Gritting her teeth as she hung up the phone, Commander McDonald turned to the Inspector who was waiting expectantly at the end of her desk. “Nope. They won’t wear it. Insufficient evidence, and the case corrupted by the leaking of the names and details. No charges, as no hope of a fair and unbiased trial. The Inspector’s face fell. “Really? Nothing? Not even the gun charges?” She shook her head. “Nothing. They are free to go. Leave them until our time expires, then give them their personal stuff and kick them out. We will have to find another way to make a case against them. I tell you, when I find out who the bastard was that leaked all that information, heads will roll!”

Agata was checking her lipstick in a small mirror, as the agent tapped the face of his wristwatch. She gave him her whitest smile. “Alright, Mark. I’m ready”. They walked down the back stairs to where his now unfashionable convertible was parked behind the building. At the other end of the car park, Jenny was walking through the arch leading to the street behind, holding the shotgun pressed firmly against her hip, her index finger already on one of the triggers. Mark Goldman opened the door for his new client, and as he walked around to the driver’s side, he saw a squat, stocky looking person walking toward the car, carrying what looked like an overcoat. As he opened the door, that person suddenly started to walk faster, and the coat they were carrying dropped away to reveal the barrels of what was unmistakably a shotgun. Without hesitation, he turned and ran back into the door they had just used to exit the building.

Mrs Goldman hadn’t raised a hero.

Agata watched him run past and raised her eyebrows. He must have forgotten something. She hadn’t noticed the person with the gun, not until someone appeared at the passenger window, pointing it directly at her face.

Jenny had hoped to confront the woman, make some speech like “Remember me? It’s Jenny Pettifer, you bitch”. But there was no time for theatricals. She pulled the trigger, feeling the end of the gun smack hard against her hip as the barrels lifted on discharge. And the noise, It was so noisy. Acting on instinct, she dropped the shotgun, and turned to walk quickly back to her parked car. The second barrel would not be needed.

At close range, the blast had smashed the window, and taken off a good third of the top of Agata’s head, spraying skull, hair, and brains all over the inside of the convertible’s roof. But Agata still had that dazzling white smile, even in death. At least the shot had missed her teeth.
Trembling with excitement and adrenaline, Jenny was back in the car with the engine running long before both the cops on surveillance had even got out of their car, sure they had heard a gunshot. She selected ‘drive’, and spun the wheel of the car as she accelerated out of the meter bay.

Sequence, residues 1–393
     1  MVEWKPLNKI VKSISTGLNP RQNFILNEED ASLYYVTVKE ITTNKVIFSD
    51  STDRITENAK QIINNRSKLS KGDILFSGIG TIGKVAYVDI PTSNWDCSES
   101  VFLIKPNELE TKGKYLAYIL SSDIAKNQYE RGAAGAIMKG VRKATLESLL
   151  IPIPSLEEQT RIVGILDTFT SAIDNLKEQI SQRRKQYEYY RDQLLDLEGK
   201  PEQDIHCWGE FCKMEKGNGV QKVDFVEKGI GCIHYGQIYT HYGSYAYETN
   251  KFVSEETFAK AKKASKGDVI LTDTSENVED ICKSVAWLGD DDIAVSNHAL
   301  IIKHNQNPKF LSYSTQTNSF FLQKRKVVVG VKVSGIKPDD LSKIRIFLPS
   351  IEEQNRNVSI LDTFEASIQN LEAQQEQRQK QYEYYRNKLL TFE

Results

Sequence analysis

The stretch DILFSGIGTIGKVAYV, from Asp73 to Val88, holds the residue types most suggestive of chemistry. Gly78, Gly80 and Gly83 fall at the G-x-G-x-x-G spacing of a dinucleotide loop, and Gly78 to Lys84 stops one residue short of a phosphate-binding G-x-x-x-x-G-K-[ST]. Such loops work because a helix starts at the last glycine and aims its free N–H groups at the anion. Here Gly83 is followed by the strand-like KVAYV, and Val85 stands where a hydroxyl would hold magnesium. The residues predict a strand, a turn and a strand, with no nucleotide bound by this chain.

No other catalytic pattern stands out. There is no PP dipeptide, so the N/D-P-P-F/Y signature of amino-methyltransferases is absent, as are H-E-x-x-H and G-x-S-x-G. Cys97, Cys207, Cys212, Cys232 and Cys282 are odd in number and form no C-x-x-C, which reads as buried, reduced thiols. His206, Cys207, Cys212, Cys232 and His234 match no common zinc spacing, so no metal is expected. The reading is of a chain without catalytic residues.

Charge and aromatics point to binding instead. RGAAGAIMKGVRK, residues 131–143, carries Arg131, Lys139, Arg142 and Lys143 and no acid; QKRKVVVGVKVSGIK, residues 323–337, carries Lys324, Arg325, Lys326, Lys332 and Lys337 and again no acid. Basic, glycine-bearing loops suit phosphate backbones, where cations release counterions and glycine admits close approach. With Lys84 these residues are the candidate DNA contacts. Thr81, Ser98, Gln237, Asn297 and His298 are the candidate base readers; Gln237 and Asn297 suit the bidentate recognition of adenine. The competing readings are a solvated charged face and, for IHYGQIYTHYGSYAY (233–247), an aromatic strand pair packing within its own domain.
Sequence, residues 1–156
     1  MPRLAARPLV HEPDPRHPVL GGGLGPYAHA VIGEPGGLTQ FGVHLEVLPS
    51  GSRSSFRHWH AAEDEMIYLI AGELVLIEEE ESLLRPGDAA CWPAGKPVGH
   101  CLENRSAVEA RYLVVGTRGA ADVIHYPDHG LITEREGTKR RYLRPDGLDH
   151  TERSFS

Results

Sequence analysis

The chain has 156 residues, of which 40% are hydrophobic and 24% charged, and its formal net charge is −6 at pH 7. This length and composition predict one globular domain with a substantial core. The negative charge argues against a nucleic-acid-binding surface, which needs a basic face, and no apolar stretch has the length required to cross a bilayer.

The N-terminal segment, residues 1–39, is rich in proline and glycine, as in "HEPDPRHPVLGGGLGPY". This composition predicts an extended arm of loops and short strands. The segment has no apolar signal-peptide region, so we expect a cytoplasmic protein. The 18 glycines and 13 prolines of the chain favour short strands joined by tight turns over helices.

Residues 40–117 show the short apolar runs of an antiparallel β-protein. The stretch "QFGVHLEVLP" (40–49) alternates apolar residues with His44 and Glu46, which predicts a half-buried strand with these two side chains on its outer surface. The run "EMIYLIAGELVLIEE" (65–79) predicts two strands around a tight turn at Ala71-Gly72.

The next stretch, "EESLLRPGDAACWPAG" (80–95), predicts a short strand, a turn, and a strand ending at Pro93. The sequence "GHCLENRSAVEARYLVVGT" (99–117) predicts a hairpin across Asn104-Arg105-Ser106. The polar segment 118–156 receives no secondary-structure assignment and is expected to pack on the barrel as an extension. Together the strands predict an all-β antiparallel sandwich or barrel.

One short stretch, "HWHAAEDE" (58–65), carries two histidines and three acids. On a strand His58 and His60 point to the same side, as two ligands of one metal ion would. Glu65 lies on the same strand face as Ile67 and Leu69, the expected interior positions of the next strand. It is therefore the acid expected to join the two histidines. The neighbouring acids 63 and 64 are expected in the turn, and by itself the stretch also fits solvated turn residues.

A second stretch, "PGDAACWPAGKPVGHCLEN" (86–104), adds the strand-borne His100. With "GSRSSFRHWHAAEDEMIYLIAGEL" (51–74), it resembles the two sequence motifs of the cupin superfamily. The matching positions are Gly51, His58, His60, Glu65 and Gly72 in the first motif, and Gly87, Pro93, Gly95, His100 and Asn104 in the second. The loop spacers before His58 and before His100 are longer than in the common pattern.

By the time the cops were standing by Mark’s car, shaking their heads at the sight that greeted them, Jenny was approaching a roundabout over one mile away. Caught in traffic, she pulled off the hat, and checked the timer on her phone.

There was still plenty of time to drive to the police station.

27 thoughts on “Decision Time For Jenny: Part Twenty-Two

  1. (1) “Something ugly and sinister was now protruding from her left breast.” Why did I have a sudden flashback to a scene involving Jeff Goldblum in The Fly?
    (2) Commander McDonald is “gritting her teeth” in a scene discussing gun charges. Agata put on a “dazzling white smile” as she was being blasted by a shotgun. Apparently, teeth and guns don’t mix.
    (3) “At close range, the blast had smashed the window, and taken off a good third of the top of Agata’s head, spraying skull, hair, and brains all over the inside of the convertible’s roof.” That’s worse than a “clean up in Aisle 5” at Target. So what lesson can we draw from this messy situation? Never offer to drive a Target in your convertible! (And if you do, for heaven’s sake, put the top down, roll the windows down, and, if you happen to be in the car, keep your head down!)
    (4) “By the time the cops were standing by Mark’s car, shaking their heads at the sight that greeted them…” Silly cops! Do they really need to verify that their own heads are intact?
    (5) First, Jenny pulled off a murder. And then she pulled off her hat. You failed to mention that she looked at herself in the rear view mirror, and deadpanned, “Hat’s off to you, Jenny!”

    Liked by 2 people

  2. Way to build suspense, Pete. I loved this chapter. One of my favorite lines was, “Mrs. Goldman hadn’t raised a hero.” I can’t wait for the final two episodes.

    Liked by 1 person

    1. Thanks, Kim. My aunt died of untreated breast cancer, (She refused all treatment from the start) and I also saw a lot of people like that during my time as an EMT.
      Most people who opt for early intervention obviously don’t have to go though those same unpleasant aspects of it of course.
      Best wishes, Pete.

      Liked by 1 person